By filtering the career of Johnny Cash through the prism of his legendary 1968 album at Folsom Prison, author Michael Streissguth gambles on a premise -- that without this successful leap of faith, Cash would have been just another country also-ran, perhaps ending his life as an Andy Williams all-star at Branson.
Risk taken, the author forges ahead, sculpting his case craftily with a wealth of entertaining anecdotes, documentation, photos and sure-handed historical perspective of the decade of change.
There is no shortage of recordings or musings on the Man in Black. He was the original outlaw -- crashing country music's staid bastions, beginning with Sam Phillips' Sun Records, then building a bridge to folk and topical music that was the backdrop of social change in the '60s. He befriended Bob Dylan and appeared at the Newport Folk Festival -- a stage alien to country musicians in those days.
Cash also made a career of confronting his own jailers. No saint, his obsession with prison life was stoked by firsthand experience, though not to the threshold of badness postulated in the media buzz of the late '60s.
Cash owned the early part of the '60s with such huge hits as "Ring of Fire" and "I Walk the Line." He also saw his career practically flat-line as the decade wore on.
To muddy the success story, demon substances had stained Cash with a reputation as an unstable customer. There were missed concerts and zombie-like performances. Also, he was considered an angry outsider in the country status-quo, and his contempt for the Nashville elite boiled over with the notorious footlights-smashing incident at the Grand Ole Opry in 1965.
By the time the idea for a prison recording was hatched, Cash was ripe for the task at hand. Recording an album behind prison walls -- yet alone California's medieval Folsom -- was not a popular idea with the movers and shakers of Columbia Records. Despite repeated failures to break this mind-set, Cash eventually hit pay dirt with an executive named Bob Johnston.
Though Cash had played the big house before, recording in one presented a devilish set of challenges, not the least of which was technical. At Folsom, the studio was a murky steel-and-mortar cafeteria. And the audience, starved of humanity and steeped in institutional violence, was a question mark.
On a gray day in January 1968, behind gray walls and barbed wire, nagging doubts serendipitously dissolved with, "Hello, I'm Johnny Cash," punctuated by the boom-chicka-boom of the Tennessee Three.
The audience -- captive and captivated -- exploded. Cash and entourage -- including Carl Perkins, the Statler Brothers and June Carter Cash -- could do no wrong. Their performance was raw and honest, the audience the star, and Cash, a Pied Piper, serenaded this hardened gathering with hardscrabble ballads of hard luck: "Busted," "Cocaine Blues," "The Long Black Veil," "Dark as a Dungeon" and "Greystone Chapel."
In a 1999 interview, Cash summoned up the magic of the moment:
"Let it blow. We are in the timeless now. There is no calendar inside the cafeteria today." Of legend, too, is born myth. The author lets us in on an album secret. One of the emotional send-offs is the fever-pitch chorus of inmate rebel yells reacting to, "I shot a man in Reno, just to watch him die," the bloody mea culpa to Cash's 1955 hit, "Folsom Prison Blues." The outburst was a bit of inspired editing, manufactured in spite of a show hardly lacking in audience enthusiasm.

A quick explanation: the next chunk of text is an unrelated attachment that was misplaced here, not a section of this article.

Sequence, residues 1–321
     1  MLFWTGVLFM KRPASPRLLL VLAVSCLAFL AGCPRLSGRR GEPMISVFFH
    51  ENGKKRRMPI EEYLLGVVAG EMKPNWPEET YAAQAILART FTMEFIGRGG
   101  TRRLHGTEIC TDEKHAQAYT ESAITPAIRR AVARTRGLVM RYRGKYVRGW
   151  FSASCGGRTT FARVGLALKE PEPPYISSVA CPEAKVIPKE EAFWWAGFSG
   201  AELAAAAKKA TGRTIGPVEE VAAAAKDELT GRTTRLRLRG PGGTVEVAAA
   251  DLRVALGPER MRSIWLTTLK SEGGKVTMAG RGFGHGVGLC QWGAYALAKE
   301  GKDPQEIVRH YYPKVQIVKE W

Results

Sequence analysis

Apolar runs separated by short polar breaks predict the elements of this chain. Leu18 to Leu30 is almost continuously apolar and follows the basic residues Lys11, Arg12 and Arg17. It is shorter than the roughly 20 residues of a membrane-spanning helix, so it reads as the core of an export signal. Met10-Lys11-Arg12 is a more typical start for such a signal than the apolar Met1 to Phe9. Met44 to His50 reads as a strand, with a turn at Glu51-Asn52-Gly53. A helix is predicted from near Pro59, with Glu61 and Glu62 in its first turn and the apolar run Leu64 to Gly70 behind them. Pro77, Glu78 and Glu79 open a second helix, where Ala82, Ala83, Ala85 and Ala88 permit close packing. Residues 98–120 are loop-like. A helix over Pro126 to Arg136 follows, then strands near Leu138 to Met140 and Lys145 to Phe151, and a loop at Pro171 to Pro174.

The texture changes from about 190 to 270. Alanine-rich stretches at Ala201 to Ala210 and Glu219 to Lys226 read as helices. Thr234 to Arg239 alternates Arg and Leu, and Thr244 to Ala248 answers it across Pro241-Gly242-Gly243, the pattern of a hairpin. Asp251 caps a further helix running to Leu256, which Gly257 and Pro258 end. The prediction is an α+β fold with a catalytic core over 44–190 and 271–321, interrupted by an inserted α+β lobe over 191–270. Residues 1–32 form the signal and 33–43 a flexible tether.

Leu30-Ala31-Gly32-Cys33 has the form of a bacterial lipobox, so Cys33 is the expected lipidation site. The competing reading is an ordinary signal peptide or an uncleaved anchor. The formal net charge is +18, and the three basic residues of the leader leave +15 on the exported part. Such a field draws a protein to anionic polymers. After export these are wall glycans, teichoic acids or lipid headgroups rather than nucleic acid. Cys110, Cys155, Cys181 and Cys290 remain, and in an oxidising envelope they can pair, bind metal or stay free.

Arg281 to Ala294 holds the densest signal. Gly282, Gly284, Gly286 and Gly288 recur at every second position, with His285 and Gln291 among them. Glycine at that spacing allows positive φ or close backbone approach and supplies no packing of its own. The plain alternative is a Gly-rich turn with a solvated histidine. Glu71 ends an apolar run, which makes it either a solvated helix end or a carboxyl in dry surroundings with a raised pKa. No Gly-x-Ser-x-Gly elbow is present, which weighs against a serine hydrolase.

That "Folsom" put platinum in the bank mystified the corporate types at Columbia., who held out little hope Cash's hunch would pay off, and promoted the album thusly. After all, this was the height of psychedelia and carefully clever studio constructs of the Beatles, Stones and Beach Boys, music winning over the vanguard of the Baby Boom generation.
But "Folsom" was a hit in long and sustained way.
This 1968 Village Voice review by Richard Goldstein makes an attempt:
"Cash's voice is as thick and gritty as ever, but filled with the kind of emotionalism you seldom find in rock (for all the hue and cry about passionate intensity, white pop singers don't often let go, do they?). His songs are simple and sentimental, his message clear. The feeling of hopelessness -- even amid the cheers and whistles -- is overwhelming. You come away drained, as the record fades out to the sound of men booing their warden, and a guard's gentle, but deadly warning, "Easy now." Talk about magical mystery tours.
"Folsom" mainlined adrenaline to Cash's career. It spawned the hugely popular San Quentin album and the chart-topping "A Boy Named Sue," the hit TV show of the early '70s and sellout concerts at the country's biggest venues.
The album's celebrity also came with a side show, a public debate on prison reform. In 1972, Cash and two men paroled with his help, Harland Sanders and Glen Sherley, testified before a Senate subcommittee. Sherley, who wrote "Greystone Chapel" and was an inmate at Folsom during the show, would travel with Cash and record his own album. He failed to grasp life on the outside, though, and took his own life with a gun.
Streissguth makes a plausible case for the milestone of this singular event. Still, there is no denying the gravitational tug of a true star of Cash's magnitude. If "Folsom" had never happened, the sheer tenacity and talent of Cash would have prevailed.
It's impossible to imagine a Cash stranded in time, playing oldies shows in Branson, especially on the density of what may be the magnum opus of his life -- the brilliant American Recordings series produced by Rick Rubin, the end flourish of a notable life.
Johnny Cash at Folsom Prison
The Making of a Masterpiece
By Michael Streissguth
Da Capo Press, 180 pages, $24
Randy Rodda is a city editor and country music reviewer at The News.